# Just How Wide Should a PCB 50 Ohm Trace Width Be?

Although it’s over 35 years old and very out of date, the movie “Mr. Mom” is still a charming and funny film to watch. In it actor Michael Keaton goes from a successful career one day to being out of work the next. While his wife pursues her own career he tries to run the house and take care of their three small kids. Although confident at first that this wouldn’t be a problem, he soon realizes that he is in way over his head. In the middle of the grocery store while trying to figure out what to purchase and at the same time looking for a child who has wandered off, he finally confesses that he has no idea what he is doing.

If we’re honest, we’ve probably had similar moments where we really didn’t know what we were doing either. One of those can be the first time we have to route some PCB 50 ohm trace widths. Every other trace width is specified by what net it is assigned to or what layer it is on, but 50 ohm lines are different. Their trace widths are determined by a number of different variables. Let’s take a look at what exactly a 50 ohm trace is, and how you should go about figuring out what trace width to route it at.

## What Is Important About PCB 50 Ohm Trace Widths?

As high speed transmission line speeds have increased, signal rise and fall times have decreased. This leads to the characteristics of the transmission line creating impedance, and for the best signal integrity the impedance must be consistent across the entire length of the line. If there is an impedance mismatch between the source and the load, then the signal will start reflecting, and all of that bounce will degrade the signal. It can get to the point where the receiving device may sense a different clock pulse then what was actually intended.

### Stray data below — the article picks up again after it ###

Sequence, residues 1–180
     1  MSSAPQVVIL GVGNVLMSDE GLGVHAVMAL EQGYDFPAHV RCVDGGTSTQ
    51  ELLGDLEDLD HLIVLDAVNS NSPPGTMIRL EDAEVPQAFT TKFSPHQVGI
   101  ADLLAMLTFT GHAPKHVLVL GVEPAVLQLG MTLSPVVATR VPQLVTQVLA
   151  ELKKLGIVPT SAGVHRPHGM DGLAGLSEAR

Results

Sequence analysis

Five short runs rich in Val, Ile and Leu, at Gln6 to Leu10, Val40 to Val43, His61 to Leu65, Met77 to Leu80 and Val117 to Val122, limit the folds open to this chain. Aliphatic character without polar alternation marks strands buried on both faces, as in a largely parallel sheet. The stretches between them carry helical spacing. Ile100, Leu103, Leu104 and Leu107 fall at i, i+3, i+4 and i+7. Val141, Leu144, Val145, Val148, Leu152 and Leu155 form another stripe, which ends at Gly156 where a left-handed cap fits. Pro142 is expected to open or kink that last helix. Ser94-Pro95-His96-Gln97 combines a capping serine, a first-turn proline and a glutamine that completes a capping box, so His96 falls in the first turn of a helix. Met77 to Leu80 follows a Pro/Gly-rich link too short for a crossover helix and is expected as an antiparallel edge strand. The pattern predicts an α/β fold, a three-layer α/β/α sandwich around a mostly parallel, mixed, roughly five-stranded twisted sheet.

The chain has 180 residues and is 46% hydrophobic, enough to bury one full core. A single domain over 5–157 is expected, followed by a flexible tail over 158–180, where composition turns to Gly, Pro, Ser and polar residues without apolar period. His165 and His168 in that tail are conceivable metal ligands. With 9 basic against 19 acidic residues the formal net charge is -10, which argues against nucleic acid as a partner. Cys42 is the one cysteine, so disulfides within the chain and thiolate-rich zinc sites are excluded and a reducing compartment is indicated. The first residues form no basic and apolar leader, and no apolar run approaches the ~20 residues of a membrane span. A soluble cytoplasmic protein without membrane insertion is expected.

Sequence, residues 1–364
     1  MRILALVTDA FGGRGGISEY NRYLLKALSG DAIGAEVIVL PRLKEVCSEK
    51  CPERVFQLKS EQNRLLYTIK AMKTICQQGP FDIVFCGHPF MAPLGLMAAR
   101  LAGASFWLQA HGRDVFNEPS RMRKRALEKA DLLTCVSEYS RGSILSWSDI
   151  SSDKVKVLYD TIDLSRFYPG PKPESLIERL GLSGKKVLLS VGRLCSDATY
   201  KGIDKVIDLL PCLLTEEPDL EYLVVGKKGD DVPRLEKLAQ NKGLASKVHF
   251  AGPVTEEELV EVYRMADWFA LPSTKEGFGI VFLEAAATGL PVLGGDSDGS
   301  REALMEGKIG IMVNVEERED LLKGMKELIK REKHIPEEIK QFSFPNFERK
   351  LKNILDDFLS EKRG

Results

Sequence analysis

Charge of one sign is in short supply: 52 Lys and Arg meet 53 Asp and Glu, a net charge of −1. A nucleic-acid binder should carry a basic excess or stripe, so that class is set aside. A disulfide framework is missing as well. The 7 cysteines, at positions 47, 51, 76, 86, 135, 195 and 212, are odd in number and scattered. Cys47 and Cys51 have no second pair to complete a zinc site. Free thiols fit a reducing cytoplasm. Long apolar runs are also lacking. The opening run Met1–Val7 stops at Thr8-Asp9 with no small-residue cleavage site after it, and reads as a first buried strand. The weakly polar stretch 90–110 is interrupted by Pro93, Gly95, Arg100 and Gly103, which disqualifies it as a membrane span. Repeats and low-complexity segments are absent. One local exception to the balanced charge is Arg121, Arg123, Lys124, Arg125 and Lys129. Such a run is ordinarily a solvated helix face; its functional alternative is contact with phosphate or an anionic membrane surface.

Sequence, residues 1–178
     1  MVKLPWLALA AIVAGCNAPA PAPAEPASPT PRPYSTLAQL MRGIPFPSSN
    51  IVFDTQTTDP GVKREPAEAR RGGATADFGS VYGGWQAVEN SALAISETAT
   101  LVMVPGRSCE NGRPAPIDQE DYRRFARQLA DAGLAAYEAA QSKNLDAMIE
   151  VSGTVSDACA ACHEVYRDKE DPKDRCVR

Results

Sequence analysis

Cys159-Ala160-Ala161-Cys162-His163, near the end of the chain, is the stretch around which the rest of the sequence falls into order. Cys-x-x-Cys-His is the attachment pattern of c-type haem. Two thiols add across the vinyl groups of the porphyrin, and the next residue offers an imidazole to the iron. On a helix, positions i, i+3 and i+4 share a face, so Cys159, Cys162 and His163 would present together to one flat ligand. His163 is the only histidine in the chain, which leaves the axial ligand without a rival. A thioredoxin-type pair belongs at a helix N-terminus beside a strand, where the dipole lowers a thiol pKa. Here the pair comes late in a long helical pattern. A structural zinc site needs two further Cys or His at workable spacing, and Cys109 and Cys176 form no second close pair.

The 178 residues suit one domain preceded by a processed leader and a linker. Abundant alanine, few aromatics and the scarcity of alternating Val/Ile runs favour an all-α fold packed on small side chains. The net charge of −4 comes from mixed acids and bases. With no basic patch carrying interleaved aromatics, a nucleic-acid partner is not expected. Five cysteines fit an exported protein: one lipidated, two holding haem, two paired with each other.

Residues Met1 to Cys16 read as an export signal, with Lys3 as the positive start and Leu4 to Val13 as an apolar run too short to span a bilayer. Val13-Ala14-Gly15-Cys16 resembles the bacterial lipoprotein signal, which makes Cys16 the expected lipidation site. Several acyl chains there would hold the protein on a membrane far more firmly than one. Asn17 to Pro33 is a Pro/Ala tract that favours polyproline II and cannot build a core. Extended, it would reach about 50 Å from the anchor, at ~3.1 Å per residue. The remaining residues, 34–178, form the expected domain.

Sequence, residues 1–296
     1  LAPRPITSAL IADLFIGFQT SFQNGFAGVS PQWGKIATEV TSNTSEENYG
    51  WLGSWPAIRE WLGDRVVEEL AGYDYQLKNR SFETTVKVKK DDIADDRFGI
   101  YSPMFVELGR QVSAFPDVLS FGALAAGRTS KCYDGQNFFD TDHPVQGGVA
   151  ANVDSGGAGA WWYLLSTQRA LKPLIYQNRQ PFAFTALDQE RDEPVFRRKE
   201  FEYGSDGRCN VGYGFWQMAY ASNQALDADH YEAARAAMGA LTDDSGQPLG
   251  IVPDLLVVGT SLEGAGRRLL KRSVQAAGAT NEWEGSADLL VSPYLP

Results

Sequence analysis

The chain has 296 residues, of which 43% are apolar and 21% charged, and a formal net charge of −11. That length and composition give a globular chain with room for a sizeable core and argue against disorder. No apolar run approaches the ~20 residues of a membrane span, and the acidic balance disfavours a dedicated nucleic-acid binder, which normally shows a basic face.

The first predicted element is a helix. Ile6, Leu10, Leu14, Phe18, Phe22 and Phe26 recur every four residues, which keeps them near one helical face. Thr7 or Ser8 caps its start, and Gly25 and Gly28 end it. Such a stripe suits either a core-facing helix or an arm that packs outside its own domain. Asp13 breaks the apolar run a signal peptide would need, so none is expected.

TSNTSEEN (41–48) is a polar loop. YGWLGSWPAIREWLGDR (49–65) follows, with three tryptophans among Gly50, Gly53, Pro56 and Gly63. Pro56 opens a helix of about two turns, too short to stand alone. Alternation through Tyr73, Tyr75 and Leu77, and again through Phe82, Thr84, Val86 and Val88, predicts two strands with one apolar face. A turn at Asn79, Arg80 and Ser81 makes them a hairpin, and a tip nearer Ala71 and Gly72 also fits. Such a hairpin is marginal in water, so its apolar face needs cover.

The key thing then is to ensure that a consistent impedance is held along the entire length of the line, and that is why controlled impedance routing is critical in high-speed PCB designs. There will be different impedance values for different circumstances, but a characteristic impedance of 50 ohms is a sweet spot for efficient signal transfer. By holding this impedance you will minimize the chance of signal reflection and give your design the best signal integrity performance. 50 ohm trace width routing is an important part of high-speed PCB design and the next step is determining what its width should be.

High-speed design included controlled impedance 50 ohm routing and tuned routing like this

## How Do I Create a Trace That Is 50 Ohms?

As designers we are used to routing specific trace widths to meet the minimum manufacturing requirements for external and internal layers, or to route specific widths for power and ground nets. These values are usually pretty well set in stone, but in the case of controlled impedance routing we are setting our trace widths to meet an impedance value instead of these other specifications. Yes, we still have to meet the manufacturing requirements for our routing, but the actual trace width will be driven by the need to match the impedance. This means that the actual trace width for a 50 ohm line could vary from design to design.

There are many factors that go into calculating the width of an impedance controlled trace. Different board materials, the dielectric layer thicknesses and constant (Dk), and the thickness of the metal traces all need to be part of the calculations. Additionally the layer stackup of the board will have an effect as your transmission lines need an uninterrupted return path for the signal.

Different layers in your design may need different trace widths to hold the target impedance value. And just as the target impedance value will ultimately determine the trace width that you use, you can also if needed change the target impedance value by changing the trace width. All you need are the tools to make these impedance controlled trace width calculations.

Using a cross section editor like this can be very helpful in setting up 50 ohm trace widths